A $35 million building completed in November 2022 at Florida Atlantic University's campus in Jupiter has been shut down while investigators try to determine the cause of problems with the facility.
The Palm Beach Post reports that the Stiles-Nicholson Brain Institute was the workplace of 75 faculty members, students and staff until late July, when university officials evacuated and closed the building after problems surfaced with its control systems.
Engineers are investigating the problems, which included pressurization difficulties that caused researchers and other workers to be unable to open the doors of the rooms in which they were working.
Cara Perry, a university spokesperson, said that contractors and engineering firms are working on the issue and "progress is being made." She described the problem as "a glitch" and said the building was evacuated "out of an abundance of caution."
The three-story, 58,000-square-foot building on the John D. MacArthur Campus had its official ribbon-cutting Jan. 19, but the building had been used for a couple of months prior to that.
The institute was founded in 2016 at the Jupiter campus but lacked its own building. Its research is focused on the study of brain disorders, including Alzheimer's disease, autism, addiction and brain cancer.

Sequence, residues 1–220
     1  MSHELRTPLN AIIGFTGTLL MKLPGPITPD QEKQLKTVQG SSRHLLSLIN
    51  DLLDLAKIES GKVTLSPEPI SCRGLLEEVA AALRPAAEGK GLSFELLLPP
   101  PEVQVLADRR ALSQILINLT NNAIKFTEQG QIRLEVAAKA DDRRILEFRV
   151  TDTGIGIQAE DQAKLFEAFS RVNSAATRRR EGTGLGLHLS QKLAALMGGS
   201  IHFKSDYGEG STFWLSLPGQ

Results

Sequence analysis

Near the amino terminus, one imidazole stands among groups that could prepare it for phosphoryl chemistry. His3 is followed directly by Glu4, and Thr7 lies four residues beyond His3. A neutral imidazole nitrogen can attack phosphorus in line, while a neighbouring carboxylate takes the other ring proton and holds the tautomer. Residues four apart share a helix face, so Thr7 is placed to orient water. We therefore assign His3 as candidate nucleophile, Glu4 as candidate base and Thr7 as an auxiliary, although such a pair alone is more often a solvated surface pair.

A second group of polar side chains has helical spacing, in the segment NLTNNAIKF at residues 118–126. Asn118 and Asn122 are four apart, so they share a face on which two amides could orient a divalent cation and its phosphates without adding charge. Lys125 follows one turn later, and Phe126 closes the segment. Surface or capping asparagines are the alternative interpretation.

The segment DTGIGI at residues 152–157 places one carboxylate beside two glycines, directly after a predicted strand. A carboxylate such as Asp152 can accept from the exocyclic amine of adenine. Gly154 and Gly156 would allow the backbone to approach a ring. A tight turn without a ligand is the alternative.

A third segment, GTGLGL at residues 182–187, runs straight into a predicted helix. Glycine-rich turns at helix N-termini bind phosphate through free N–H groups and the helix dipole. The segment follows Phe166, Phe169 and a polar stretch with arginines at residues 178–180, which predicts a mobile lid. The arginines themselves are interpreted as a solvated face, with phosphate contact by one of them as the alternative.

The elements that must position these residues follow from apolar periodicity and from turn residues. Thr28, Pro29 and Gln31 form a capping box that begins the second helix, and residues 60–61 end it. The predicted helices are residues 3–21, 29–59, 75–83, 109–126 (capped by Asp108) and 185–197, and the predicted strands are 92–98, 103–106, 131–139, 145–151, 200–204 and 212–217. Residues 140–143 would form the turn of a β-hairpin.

The final building inspection for a certificate of occupancy was conducted by the State Fire Marshall and the university building code administrator, Perry said. The problem did not exist when the initial inspection was done. It was identified July 26. All occupants were notified that day and were successfully relocated by July 30.
FAU officials say they are hopeful the issue can be identified and fixed within six months.
The space that the institute previously occupied on the Jupiter campus was still vacant, so the research was able to be moved to that space when the new building was closed.
The first floor of the new building is a public area featuring a reception space, lobby and auditorium, The second floor houses the Center for Cellular Neuroimaging.
The Center for Computational Neuroscience occupies the third floor and served as a space for high school, undergraduate and graduate students studying computational biology, chemistry and neuroscience.